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Case report: Purple urine bag syndrome
Critical Care volume 8, Article number: R137 (2004)
Purple urine bag syndrome (PUBS) was first reported in 1978. PUBS is rare, occurs predominantly in constipated women, chronically catheterized and associated with some bacterial urinary infections that produce sulphatase/phosphatase. The etiology is due to indigo (blue) and indirubin (red) or to their mixture that becomes purple. A chain reaction begins in the gastrointestinal tract with tryptophan as described in the article.
Purple urine bag syndrome (PUBS) is a rare syndrome associated with alkaline urine and some urinary tract infections, and is more frequently observed in chronically catheterized and constipated women. The urinary catheter drainage system changes colour from red or blue to violet or purple, sometimes with differently coloured tube and bag. The aetiology is still controversial but in the literature researched most authors believe that indigo, which is blue, and indirubin, which is red, are responsible for the colours obtained.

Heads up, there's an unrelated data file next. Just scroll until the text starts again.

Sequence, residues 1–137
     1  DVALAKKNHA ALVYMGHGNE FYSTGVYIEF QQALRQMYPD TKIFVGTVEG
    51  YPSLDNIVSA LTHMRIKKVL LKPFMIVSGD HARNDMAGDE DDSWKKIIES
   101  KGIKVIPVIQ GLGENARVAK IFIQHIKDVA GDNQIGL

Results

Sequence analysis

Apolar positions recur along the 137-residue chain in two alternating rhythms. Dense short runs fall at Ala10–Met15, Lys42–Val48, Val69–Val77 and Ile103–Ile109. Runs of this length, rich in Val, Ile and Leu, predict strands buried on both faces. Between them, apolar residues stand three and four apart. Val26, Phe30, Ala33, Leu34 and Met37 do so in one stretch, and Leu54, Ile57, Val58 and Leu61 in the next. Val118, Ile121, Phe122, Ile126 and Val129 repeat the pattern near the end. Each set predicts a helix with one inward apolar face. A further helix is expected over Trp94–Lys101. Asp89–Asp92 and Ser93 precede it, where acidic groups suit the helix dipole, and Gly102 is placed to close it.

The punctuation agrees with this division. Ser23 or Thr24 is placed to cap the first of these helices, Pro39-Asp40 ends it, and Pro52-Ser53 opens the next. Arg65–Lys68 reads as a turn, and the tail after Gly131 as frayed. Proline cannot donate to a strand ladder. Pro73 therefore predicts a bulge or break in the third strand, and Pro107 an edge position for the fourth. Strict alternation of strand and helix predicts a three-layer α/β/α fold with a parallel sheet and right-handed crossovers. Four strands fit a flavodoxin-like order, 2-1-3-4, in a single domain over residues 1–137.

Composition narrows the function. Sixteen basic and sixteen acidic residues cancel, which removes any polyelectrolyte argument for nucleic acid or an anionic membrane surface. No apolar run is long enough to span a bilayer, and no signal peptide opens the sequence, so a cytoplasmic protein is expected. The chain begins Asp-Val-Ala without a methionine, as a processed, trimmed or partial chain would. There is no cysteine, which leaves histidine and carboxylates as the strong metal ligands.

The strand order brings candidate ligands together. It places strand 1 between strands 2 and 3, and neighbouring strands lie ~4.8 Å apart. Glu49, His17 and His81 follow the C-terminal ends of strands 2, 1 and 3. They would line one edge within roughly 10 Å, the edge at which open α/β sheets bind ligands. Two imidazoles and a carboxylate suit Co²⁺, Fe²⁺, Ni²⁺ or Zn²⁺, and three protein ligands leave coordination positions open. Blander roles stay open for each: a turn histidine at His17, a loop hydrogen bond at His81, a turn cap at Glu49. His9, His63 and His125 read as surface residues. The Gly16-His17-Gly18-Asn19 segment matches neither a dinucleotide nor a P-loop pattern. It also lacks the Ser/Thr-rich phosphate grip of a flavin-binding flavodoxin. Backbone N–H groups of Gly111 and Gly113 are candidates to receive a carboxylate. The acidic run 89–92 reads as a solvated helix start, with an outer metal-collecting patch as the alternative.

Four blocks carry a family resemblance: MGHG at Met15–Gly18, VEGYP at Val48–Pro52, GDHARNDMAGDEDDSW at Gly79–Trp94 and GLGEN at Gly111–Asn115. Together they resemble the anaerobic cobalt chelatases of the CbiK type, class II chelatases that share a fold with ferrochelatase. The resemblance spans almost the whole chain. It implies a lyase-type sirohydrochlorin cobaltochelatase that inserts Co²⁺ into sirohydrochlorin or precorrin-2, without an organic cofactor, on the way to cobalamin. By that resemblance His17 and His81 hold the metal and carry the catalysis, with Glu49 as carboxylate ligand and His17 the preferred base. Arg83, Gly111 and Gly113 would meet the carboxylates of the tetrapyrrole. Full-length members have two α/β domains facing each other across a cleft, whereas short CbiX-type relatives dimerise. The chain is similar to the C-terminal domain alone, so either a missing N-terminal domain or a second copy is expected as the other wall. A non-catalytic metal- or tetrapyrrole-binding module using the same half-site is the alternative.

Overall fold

The chain reaction responsible for the PUBS begins with tryptophan from the food chain being metabolized by gut bacteria. This metabolic process produces indole, which is absorbed into portal circulation and converted into indoxyl sulphate in the liver, after a series of detoxification transformations.
Indoxyl sulphate is excessively excreted in the urine and is digested into indoxyl by the enzyme sulphatase/phosphatase produced by certain bacteria such as Pseudomonas aeruginosa, Proteus mirabilis, Morganella morganii, Escherichia coli, and so on. Indoxyl then changes into indigo and indirubin in alkaline urine [1, 2].
Concerning PUBS, we present the clinical case report of a 56-year-old female patient with amyotrophic lateral sclerosis, mechanically ventilated in the intensive care unit for almost 6 years, chronically catheterized and with alkaline urine. Isolation of the bacteria M. morganii, P. aeruginosa and P. mirabilis in urine culture was frequent. The urinary catheter drainage system and the bag varied in colour and increased in intensity the longer the system remained unchanged (Figs 1, 2, 3 show different discolourations).
Considering the known etiologic and physiopathologic mechanisms of PUBS, it is surprising how rarely this situation is observed and/or reported.
purple urine bag syndrome.
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Ribeiro, J.P., Marcelino, P., Marum, S. et al. Case report: Purple urine bag syndrome. Crit Care 8, R137 (2004). https://doi.org/10.1186/cc2853
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